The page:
The two of them were outside the mansion now and walking towards the patch of dense forest behind it. It made her remember the last time she was with Rune near a forest; last time, it had been the Carnivorous Forest that had surrounded the demonic Garuberk Tower. Rune had helped to save her from being eaten by the trees. She grimaced as she remembered proudly declaring to him and Chaz Ashley and the others that they should go to Esper Mansion to seek counsel from Lutz, the two-thousand year old Esper leader whom she had every reason in the world to believe was alive and well.
Was that what disturbed her so much about the lie? The embarrassment she'd felt upon learning the truth? The humiliation from finding that her entire belief system revolved around a sham? Or was it that in her heart, she knew someday the genie would escape from the bottle, and she feared what the humiliation would do to the Esper populace at large?
It could destroy our entire society, Kyra thought, glancing at Rune, trying to keep mental shields around her mind to keep him from reading it, and half-hoping the thought would slip through anyway. And they'll look at me as an accessory to this con of yours, Rune Walsh.
Still walking, his eyes focused on the snow beneath them, Rune said, "I sense your anger. You must put it aside, Kyra. You have judged me guilty of a crime I did not commit. I did not cause your pain; you've brought it on yourself."
Kyra bit her lip hard and shook her head slowly. She said each word of her next sentence slowly and deliberately. "You arrogant bastard."
That got Rune's attention. He stopped walking, his eyes locking with Kyra's. She felt a wave of guilty pleasure as she saw in his eyes and in his mind that her words truly had stung. "Rune, I'm not out here for a debate," Kyra told him firmly, "and I'm certainly not out here to be told how I feel. I'm here to listen to a story. If we're finished..."
It took a few more moments, but incredibly, even after being as stung as Kyra knew he had been by the words, Rune started to smile. "I think if Lutz were here, he would say that in some ways, you are very much like Andrea, Kyra. Neither one of you had any patience for small talk."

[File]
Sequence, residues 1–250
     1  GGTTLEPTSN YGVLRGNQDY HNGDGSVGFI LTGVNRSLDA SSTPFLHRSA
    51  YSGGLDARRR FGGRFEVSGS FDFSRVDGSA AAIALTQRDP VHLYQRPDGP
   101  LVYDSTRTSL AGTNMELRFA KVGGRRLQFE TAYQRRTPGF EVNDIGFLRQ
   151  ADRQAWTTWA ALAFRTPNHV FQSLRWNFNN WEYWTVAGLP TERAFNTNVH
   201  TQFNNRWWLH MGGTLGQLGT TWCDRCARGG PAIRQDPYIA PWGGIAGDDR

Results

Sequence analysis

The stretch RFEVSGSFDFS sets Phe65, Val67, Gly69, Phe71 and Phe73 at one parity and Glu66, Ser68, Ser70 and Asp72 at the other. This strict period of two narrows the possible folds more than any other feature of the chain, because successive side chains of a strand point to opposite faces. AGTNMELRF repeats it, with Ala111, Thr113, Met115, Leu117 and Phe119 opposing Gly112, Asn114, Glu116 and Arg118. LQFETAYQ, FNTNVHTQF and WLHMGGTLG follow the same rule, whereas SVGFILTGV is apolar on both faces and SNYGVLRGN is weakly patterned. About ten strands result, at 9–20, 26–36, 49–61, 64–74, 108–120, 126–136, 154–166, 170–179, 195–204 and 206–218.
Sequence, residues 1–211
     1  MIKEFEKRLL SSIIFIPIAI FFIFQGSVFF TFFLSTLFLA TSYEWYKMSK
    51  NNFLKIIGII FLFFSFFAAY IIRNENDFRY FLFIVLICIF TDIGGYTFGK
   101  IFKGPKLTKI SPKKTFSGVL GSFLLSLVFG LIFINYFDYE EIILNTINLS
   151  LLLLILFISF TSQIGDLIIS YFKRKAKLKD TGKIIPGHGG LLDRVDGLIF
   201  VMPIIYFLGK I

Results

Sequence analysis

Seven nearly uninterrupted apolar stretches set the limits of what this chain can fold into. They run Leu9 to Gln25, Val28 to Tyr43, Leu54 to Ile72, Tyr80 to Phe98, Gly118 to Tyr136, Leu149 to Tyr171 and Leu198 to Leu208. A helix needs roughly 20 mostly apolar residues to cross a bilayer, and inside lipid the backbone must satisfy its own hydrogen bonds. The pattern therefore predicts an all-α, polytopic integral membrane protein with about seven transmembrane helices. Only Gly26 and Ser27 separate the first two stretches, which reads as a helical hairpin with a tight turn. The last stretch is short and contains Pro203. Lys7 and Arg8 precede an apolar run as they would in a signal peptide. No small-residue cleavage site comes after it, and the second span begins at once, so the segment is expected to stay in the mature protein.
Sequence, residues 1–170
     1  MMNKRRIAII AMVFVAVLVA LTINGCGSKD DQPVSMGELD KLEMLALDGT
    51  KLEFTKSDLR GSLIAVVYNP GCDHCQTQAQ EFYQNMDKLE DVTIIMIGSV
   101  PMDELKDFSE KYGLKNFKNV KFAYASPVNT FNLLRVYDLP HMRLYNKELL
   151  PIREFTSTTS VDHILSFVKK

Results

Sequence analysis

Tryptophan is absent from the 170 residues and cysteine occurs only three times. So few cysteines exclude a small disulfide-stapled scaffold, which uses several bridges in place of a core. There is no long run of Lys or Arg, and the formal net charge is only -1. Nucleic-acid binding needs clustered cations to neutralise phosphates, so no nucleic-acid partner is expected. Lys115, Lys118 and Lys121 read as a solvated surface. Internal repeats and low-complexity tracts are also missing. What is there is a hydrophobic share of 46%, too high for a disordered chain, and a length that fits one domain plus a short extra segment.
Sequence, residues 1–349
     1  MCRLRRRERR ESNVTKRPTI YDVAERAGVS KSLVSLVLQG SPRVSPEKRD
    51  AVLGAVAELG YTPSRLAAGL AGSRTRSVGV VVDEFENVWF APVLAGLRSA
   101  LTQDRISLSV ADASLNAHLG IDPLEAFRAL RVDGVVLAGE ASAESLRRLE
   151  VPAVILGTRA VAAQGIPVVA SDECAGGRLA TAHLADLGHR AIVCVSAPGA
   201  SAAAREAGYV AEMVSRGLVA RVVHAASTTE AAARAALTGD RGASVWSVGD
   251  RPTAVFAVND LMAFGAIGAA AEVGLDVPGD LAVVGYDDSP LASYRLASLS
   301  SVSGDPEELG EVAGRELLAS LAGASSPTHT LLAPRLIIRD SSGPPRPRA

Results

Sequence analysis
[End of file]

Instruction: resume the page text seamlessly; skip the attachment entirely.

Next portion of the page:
"She was only fifteen years old!" Lutz emphasized to the children assembled before him. "That is not much older than most of you! In fact, Noelle, your brother is older than Alis was at the time!"
The children oooed and aaahed at that one, just as they always had, and as they probably always would. Lutz loved doing this. He was only awake for a couple months at a time, and most of that time was taken up by in-depth research into curing the Half-Espers condition, but he always made sure he took the time to stop by the mansion's school to take part in each education segment's classes.
Today he was speaking to segments four and five. By this time, they had already been taught their history lessons regarding the evil Lassic and Queen Landale I, so Lutz gave them something of a more personal take on the matter. He told them his stories were based on conversations he had had with his Master Noah, which was true, but he left out that much of it also came from conversations with Alis herself, down in the bowels of the mansion where he kept the sacred sword.
"But she never gave up; that's what is important to remember, children," Lutz continued. "Alis's greatest trait was her fierce determination. In whatever you do, if ever you think of giving up, remember the story of Queen Alis, and ask yourself--"
"Why do you sleep for so long?" came a voice from the back of the group of children. Lutz didn't recognize the voice, so he searched for the mind...
"Andrea!" snapped Anne, this segment's schoolmaster. "Master Lutz is speaking!"
"I know," the ten year old girl replied, "that's why I'm asking him a question. Why do you sleep for so long? My parents told me I'd just been born the last time you were awake."
"Please forgive her, Master Lutz," schoolmaster Anne said, bolting across the room towards Andrea. "Miss Larson must not have been paying attention for the last three months during our daily discussions about Master Lutz's awakening."